9 Oct
Tue
27th Week in Ordinary Time
Jonah 3:1-10
Ps. 130:1-4, 7-8
Lk. 10:38-42
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We shape our future. The choices we make today determine the direction of our lives. The people of Nineveh heard the message of Jonah and had a change of heart. Gone was the past! They were no longer prisoners of the consequences of their past actions. In our own lives, it is never too late to begin anew. A change of heart and attitude can alter and enrich our lives dramatically. We need not live in past patterns of thought and behaviour. What do we need to change? Poor Martha is always painted in rather negative terms. She finds herself trapped in the tiring and traditional role of a woman. She is working very hard to be the proper hostess, and is resentful that she is doing this alone. Jesus teases her gently out of her resentment, and points out that Mary as well as Martha has every right to be instructed by Jesus and be one of His disciples. He will not consign Mary (or Martha) to the kitchen. They are both called to study God's ways and to follow Jesus. Jesus always challenges our traditional thinking! To what new roles are you called?



Lord, renew my heart and mind.

DAILY OFFERING
Eternal Father, I offer You everything I do this day; my thoughts, words, joys and sufferings. Grant that, vivified by the Holy Spirit and united to the Sacred Heart of Jesus and the Immaculate Heart of Mary, my life this day may be of service to You and to others. I also pray that all those preparing for marriage discover in Sacrament the source of Christ's grace for living a fithful and fruitful love. Amen.

PRAYING WITH THE CHURCH
INTENTION
That we may recognise and revere the cultural and spiritual riches of the different ethnic groups and religious minorities present in every country.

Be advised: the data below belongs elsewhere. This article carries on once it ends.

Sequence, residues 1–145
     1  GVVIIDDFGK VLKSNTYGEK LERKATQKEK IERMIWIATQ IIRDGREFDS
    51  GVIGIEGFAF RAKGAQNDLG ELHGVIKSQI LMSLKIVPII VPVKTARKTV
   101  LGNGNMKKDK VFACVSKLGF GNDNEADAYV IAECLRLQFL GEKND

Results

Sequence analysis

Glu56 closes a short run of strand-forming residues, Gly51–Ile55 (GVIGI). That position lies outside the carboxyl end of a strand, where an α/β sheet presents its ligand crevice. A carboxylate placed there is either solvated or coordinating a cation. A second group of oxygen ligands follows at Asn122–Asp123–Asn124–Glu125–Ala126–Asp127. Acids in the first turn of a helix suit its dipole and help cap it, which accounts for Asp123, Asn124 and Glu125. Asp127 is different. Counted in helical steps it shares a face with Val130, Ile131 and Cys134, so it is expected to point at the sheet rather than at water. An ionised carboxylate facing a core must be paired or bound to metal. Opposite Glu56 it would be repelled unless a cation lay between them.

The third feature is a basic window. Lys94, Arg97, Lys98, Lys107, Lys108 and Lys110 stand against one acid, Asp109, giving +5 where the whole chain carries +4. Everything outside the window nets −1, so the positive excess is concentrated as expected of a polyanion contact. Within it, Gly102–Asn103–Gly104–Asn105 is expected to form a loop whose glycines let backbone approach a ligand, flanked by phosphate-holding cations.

Elaboration

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P R A Y I N G    W I T H    T H E    C H U R C H    

INTENTION : That we may recognise and revere the cultural and spiritual riches of the different ethnic groups and religious minorities present in every country.

This month we are invited to give thanks to God for the variety of gifts he has given to humankind. There is hardly a country in the world today which is not marked by the coming together of different cultural traditions. It ought to be recognised that religion has influenced cultures and is the soul of a particular culture. Vatican II also mentions the good that is to be found in the rites and customs of peoples, recognising this as having been sown by God's Word (LG 17). In fact, Christians belong to many different cultures which have been deeply marked by the Christian faith.

In order to appreciate these cultural and religious riches we are called to make an effort to understand and appreciate all that is good in another person and in that person's culture. We are invited to look upon our fellow human beings with the eyes of God who created man in his own image and likeness and who saw all that he had made and found it very good. We are therefore encouraged to consider prayerfully how God is at work in all peoples.

In this context our prayer will be that the ongoing dialogue between the Gospel message and cultures may produce fruits of true freedom, joy and peace for the whole of humanity.




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